Pine Lake Woman Taps Into Our Talents
Performer says ‘we’re all born with a voice,’ encourages us to sing
By H.M. Cauley for the AJC
Friends may have told you to save your singing for the shower, but that’s only because you haven’t met Elise Witt. The Pine Lake resident is a veteran singer, songwriter and performer who pooh-poohs the notion of no vocal ability and can coax a song out of anybody.
“Eighty percent of our population has been told that they’re tone deaf, not musical or just shouldn’t sing, and I find that really disturbing and sad,” said Witt. “We’re all born with a voice. It just may not be Aretha Franklin’s or Luciano Pavarotti’s.”
For more than 30 years, Witt has conducted singing sessions that tap into the hidden talents of folks who just want to unleash their inner American Idol – but don’t want to do it alone. Her classes focus on the power of combined voices.
“In the same workshop, we might have someone who’s a professional singer, someone who thinks they can’t sing and someone who sings for fun. And they all sing together, creating something none of them could do alone.” said Witt. “Individuals do learn a lot about their own voices, and in addition they learn about singing in a group. It’s the old adage, ‘the whole is much greater than the sum of the parts.’”
Witt, who was born in Switzerland and speaks five languages fluently, never set out to be a voice teacher. When she arrived in Georgia in 1977, as a founding member of Theatrical Outfit, one of her jobs was to teach the other members about singing.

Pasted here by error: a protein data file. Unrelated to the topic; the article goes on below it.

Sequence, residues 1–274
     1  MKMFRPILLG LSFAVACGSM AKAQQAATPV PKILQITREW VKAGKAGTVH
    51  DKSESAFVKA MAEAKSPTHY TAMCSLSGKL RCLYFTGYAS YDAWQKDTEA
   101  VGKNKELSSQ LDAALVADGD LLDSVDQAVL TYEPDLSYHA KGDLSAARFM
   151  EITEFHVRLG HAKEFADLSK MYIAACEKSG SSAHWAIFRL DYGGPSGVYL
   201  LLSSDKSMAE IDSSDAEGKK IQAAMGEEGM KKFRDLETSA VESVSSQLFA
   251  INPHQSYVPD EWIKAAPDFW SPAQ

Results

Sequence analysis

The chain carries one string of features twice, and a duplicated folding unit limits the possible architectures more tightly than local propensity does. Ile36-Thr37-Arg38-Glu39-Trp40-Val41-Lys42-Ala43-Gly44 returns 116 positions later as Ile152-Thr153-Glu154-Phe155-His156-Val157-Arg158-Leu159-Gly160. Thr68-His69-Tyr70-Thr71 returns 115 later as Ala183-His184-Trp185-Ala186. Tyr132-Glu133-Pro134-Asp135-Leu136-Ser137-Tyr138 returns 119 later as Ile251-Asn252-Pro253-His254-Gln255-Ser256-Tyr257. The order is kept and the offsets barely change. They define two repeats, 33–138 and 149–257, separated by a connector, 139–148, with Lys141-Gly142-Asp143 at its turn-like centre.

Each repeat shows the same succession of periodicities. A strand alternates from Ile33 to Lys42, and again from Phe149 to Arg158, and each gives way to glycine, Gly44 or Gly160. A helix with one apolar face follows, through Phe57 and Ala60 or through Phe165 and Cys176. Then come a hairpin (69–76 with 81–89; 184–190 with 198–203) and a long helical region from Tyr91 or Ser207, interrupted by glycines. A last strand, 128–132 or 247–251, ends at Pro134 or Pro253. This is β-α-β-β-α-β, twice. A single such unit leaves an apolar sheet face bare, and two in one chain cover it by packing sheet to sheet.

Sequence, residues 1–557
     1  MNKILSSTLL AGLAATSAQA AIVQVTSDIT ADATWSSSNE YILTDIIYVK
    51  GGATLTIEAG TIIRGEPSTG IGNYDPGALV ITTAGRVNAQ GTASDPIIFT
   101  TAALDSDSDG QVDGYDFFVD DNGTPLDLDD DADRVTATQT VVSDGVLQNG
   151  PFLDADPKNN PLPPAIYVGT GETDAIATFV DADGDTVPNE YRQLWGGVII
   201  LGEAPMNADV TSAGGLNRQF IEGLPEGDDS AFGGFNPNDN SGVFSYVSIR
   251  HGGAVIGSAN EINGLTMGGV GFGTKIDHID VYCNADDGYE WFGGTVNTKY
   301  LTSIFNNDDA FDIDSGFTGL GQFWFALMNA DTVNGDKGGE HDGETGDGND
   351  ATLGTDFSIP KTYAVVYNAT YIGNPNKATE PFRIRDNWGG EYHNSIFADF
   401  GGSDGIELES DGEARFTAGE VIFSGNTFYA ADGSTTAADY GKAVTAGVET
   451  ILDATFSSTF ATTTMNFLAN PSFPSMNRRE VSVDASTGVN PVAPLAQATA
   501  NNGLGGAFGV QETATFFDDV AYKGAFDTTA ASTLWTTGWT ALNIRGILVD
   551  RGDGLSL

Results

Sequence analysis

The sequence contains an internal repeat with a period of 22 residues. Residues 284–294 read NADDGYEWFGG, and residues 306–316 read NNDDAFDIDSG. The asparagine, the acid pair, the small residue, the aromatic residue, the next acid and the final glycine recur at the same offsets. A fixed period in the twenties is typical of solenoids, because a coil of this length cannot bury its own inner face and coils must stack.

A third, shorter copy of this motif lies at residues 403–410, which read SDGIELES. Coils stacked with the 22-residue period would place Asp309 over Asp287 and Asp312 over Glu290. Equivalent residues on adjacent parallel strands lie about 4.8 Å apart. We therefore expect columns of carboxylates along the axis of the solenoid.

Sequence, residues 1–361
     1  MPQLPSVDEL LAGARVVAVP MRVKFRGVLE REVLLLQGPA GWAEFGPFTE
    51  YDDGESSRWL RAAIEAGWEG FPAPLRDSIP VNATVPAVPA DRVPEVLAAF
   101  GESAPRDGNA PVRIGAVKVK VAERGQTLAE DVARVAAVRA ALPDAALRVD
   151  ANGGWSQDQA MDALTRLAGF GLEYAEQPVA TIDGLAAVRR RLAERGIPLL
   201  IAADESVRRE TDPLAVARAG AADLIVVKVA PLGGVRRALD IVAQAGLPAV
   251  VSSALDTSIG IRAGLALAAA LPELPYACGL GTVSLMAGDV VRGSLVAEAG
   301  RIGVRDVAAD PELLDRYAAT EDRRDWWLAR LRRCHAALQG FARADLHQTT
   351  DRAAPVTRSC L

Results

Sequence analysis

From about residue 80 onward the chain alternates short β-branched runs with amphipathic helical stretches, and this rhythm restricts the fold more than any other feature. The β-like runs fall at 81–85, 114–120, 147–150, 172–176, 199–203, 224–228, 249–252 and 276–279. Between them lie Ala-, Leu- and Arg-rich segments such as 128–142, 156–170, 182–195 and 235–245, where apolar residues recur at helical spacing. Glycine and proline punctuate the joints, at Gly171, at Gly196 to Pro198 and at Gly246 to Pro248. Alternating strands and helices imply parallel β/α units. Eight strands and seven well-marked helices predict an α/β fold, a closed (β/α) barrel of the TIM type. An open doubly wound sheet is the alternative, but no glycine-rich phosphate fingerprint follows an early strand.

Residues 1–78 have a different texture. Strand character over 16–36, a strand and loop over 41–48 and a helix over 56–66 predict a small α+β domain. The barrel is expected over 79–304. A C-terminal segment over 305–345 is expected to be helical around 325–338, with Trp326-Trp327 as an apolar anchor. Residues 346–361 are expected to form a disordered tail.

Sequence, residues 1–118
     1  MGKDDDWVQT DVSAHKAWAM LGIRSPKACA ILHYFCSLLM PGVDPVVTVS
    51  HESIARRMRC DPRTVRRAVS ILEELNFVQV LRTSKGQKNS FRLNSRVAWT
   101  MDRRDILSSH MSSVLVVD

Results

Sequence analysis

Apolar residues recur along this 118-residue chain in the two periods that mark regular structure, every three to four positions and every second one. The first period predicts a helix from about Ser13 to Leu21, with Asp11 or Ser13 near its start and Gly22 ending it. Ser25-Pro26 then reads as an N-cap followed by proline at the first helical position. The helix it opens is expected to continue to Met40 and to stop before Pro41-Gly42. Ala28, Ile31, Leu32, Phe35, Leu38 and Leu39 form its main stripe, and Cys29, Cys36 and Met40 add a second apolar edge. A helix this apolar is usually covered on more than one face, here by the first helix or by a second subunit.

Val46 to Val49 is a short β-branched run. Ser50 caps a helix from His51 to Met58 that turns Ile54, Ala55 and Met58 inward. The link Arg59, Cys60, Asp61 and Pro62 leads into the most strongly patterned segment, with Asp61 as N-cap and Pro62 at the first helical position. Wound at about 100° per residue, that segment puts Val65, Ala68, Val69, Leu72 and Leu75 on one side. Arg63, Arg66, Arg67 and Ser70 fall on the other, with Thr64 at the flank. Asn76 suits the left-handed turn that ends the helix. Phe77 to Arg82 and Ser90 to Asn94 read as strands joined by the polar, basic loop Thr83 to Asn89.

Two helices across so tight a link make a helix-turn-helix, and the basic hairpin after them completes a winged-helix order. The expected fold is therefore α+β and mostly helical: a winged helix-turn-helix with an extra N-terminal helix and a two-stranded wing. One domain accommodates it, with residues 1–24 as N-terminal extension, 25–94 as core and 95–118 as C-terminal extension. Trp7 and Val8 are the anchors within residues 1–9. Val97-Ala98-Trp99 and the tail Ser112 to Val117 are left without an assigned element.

“It reminded us that before we had radio and TV, the way we communicated was with songs and stories,” said Witt. “In our Western culture, we’ve lost that connection, and my classes and workshops are all about finding that again.”
When Witt moved on from the theater, she kept singing. For 20 years, she was part of the Atlanta Symphony Orchestra Chorus and Chamber Chorus under its famous director Robert Shaw, and she studied with noted improvisational singers Rhiannon and Bobby McFerrin, as well as masters of African and African American vocal music Dr. Ysaye Barnwell (of Sweet Honey in the Rock) and Dr. Fred Onovwerosuoke (founder of the African Music Arts).
Witt has also shared her expertise and enthusiasm in ongoing classes at the Rising Phoenix T’ai Chi Studio in the Little Five Points Community Center in Atlanta, as well as around the country when she tours her Global, Local & Homemade Songs™. Last year, she launched the Impromptu Glorious Chorus™ at Decatur’s Shambhala Center. For two hours, anywhere from 30 to 45 people gather to learn a “wild variety” of songs with harmony, improvisation, and a little vocal technique tossed in for good measure.
“We all sit in the same circle and make beautiful music together,” she said. “I find it so powerful. Singing can heal us, move us, inspire us. That’s the magic when you sing together.”
For more information about Witt’s singing classes, workshops, and concerts go to her website www.EliseWitt.com
The Atlanta Journal-Constitution
Wednesday, Sept. 14, 2011
Real people, inspiring stories